Wednesday, July 06, 2016

The Scandal of K-12 Education

Another school year over, another lost opportunity for millions of students. Minorities suffer the most.

As America’s K-12 students enjoy the first weeks of summer vacation, there is good news about minority education in the U.S. The percentage of black and Hispanic high-school graduates heading off to college is going up. And black and Hispanic dropout rates are going down. According to the research organization Child Trends, between 1972 and 2014 the Hispanic dropout rate fell to 11% from 34%; the black dropout rate decreased to 7% from 21%.

But these encouraging statistics mask some uglier truths about the state of minority education. While 40% of white Americans age 25-29 held bachelor’s degrees in 2013, that distinction belonged to only 15% of Hispanics, and 20% of blacks. Another discouraging sign: The Atlantic magazine recently reported that the share of black undergraduates at top-ranked universities has stagnated at about 6% for the past 20 years. More minority students are graduating from high school, but they are often going off to community colleges, most commonly two-year schools, and not earning a four-year degree.

The root of this problem: Millions of black and Hispanic students in U.S. schools simply aren’t taught to read well enough to flourish academically. For them, the end of the school year marks another lost opportunity, another step toward a life of blunted potential.

For example, according to a March report by Child Trends, based on 2015 data from the National Assessment of Educational Progress (NAEP), only 21% of Hispanic fourth-grade students were deemed “proficient” in reading. This is bad news. A fourth-grader’s reading level is a key indicator of whether he or she will graduate from high school.

The situation is worse for African-Americans: A mere 18% were considered “proficient” in reading by fourth grade. An analysis of the NAEP data by the U.S. Chamber of Commerce Foundation reports: “It’s easy to look at this report and despair. It puts front and center the fact that too many of our nation’s young people are failing to achieve their potential, and that African-American students are disproportionately impacted by the shortcomings in our education system.”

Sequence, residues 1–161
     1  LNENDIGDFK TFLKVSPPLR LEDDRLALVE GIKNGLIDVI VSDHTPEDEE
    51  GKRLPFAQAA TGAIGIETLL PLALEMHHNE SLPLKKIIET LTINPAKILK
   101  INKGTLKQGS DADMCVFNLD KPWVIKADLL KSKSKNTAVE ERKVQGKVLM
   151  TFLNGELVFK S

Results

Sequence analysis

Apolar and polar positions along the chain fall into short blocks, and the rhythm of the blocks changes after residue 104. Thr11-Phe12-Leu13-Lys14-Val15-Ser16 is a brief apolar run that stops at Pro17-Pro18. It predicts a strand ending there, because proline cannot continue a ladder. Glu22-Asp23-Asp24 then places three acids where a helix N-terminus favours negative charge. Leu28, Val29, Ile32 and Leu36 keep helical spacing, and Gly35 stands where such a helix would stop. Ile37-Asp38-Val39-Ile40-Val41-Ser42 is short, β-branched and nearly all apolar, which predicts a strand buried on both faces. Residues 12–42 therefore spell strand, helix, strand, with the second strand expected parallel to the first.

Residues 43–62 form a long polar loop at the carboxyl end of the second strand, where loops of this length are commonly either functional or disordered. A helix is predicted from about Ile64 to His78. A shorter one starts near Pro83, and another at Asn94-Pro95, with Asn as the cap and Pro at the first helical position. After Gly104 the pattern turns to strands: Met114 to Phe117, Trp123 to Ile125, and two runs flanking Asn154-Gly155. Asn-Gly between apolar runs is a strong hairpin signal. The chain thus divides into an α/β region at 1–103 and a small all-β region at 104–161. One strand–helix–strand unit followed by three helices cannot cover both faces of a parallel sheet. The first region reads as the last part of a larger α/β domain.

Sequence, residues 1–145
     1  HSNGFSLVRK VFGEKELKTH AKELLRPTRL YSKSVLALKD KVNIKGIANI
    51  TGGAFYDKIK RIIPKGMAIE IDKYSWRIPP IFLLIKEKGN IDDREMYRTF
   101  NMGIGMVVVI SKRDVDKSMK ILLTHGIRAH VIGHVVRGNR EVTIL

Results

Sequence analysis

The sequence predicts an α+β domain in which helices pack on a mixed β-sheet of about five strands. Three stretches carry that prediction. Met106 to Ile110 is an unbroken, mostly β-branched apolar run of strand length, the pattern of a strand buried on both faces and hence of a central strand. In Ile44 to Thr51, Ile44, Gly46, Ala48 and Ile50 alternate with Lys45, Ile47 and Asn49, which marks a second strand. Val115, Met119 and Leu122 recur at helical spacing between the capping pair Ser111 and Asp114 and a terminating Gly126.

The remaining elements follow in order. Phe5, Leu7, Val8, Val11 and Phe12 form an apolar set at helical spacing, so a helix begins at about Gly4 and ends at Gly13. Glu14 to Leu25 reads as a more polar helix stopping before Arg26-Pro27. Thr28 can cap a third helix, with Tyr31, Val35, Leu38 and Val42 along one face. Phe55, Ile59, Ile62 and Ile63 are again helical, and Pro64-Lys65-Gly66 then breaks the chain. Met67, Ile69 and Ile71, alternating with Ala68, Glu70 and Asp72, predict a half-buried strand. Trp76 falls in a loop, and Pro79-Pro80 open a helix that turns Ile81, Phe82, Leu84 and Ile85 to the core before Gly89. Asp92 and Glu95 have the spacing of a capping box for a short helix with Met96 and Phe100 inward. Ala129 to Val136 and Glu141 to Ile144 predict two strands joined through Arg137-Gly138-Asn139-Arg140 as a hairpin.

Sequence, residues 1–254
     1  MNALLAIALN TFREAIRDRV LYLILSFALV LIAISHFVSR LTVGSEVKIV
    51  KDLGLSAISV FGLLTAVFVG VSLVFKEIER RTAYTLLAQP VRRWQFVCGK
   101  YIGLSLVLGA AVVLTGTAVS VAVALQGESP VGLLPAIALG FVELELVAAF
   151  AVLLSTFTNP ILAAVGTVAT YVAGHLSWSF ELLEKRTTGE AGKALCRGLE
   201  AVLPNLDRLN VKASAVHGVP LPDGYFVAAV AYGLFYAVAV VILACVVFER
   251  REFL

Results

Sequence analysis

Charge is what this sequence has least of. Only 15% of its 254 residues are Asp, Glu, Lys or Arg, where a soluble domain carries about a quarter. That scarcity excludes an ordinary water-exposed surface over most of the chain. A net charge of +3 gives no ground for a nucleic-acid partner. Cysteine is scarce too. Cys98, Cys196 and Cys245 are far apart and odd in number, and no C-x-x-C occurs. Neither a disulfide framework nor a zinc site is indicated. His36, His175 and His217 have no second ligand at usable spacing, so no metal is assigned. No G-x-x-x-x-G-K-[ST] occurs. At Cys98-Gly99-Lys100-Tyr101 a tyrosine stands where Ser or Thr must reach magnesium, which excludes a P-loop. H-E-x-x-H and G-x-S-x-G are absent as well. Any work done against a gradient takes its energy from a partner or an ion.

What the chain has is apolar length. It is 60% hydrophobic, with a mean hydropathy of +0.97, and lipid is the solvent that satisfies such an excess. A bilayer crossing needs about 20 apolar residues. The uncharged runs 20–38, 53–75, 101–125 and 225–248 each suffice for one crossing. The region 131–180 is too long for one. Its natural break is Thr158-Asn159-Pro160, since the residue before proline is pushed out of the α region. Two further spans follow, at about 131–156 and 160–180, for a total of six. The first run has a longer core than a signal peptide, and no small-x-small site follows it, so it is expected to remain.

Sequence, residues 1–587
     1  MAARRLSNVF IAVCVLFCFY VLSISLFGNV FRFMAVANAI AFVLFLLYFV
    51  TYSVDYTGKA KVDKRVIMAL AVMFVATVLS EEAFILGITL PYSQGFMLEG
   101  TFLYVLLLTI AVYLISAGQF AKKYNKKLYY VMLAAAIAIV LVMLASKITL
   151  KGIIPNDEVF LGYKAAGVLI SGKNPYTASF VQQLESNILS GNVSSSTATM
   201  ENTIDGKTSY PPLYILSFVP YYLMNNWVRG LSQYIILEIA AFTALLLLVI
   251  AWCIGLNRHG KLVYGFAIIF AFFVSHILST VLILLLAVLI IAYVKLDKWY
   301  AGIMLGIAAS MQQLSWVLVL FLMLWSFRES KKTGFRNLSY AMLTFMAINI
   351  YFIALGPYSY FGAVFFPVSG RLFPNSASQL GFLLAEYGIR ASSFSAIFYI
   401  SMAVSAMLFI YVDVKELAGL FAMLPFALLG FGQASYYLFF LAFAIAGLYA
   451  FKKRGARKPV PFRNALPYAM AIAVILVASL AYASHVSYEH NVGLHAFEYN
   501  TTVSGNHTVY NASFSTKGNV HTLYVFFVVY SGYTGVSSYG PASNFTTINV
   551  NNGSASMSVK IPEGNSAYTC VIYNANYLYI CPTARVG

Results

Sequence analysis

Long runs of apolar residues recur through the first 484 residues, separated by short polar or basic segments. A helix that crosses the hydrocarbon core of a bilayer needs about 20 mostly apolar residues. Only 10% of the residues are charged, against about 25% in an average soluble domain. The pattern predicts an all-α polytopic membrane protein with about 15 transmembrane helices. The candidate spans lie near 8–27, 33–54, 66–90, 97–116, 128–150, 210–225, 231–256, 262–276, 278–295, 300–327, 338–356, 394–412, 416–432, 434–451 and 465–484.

The problem isn’t limited to minority students. Only 46% of white fourth-graders—and 35% of fourth-graders of all races—were judged “proficient” in reading in 2015. In general, American students are outperformed by students abroad. According to the most recent Program for International Student Assessment, a series of math, science and reading tests given to 15-year-olds around the world, the U.S. placed 17th among the 34 Organization for Economic Cooperation and Development countries in reading.

In other words, in addition to America’s unsettling racial achievement gaps in education—white fourth-graders outperform Hispanic and black fourth-graders in every state that has appropriate data—there are far too many white students not performing at grade level.

Also buried in these troubling numbers are the big differences in reading among minorities from state to state: In Alabama, Hispanic fourth-graders are reading more than two grade levels below Hispanic fourth-graders in Florida.

The difference in reading levels between minority students in different states offers an important clue about why minority reading levels are lagging. Generally, states with the highest proportion of low-income minority students do the worst, according to Child Trends. And there is no question about the difference in poverty rates among children of different races. Poverty rates among black (37.1%) and Hispanic children (31.9%) are nearly three times the rate for white children (12.3%).

Another factor affecting poor performance among minority students is persistent segregation.

According to a U.S. Government Accountability Office report, between 2000 and 2014 “the percentage of all K-12 public schools that had high percentages of poor and Black or Hispanic students grew from 9 to 16 percent,” noting that “75 to 100% of the students were Black or Hispanic and eligible for free or reduced-price lunch—a commonly used indicator of poverty.” The GAO report added: “These schools offered disproportionately fewer math, science, and college preparatory courses and had disproportionately higher rates of students who were held back in ninth grade, suspended, or expelled.”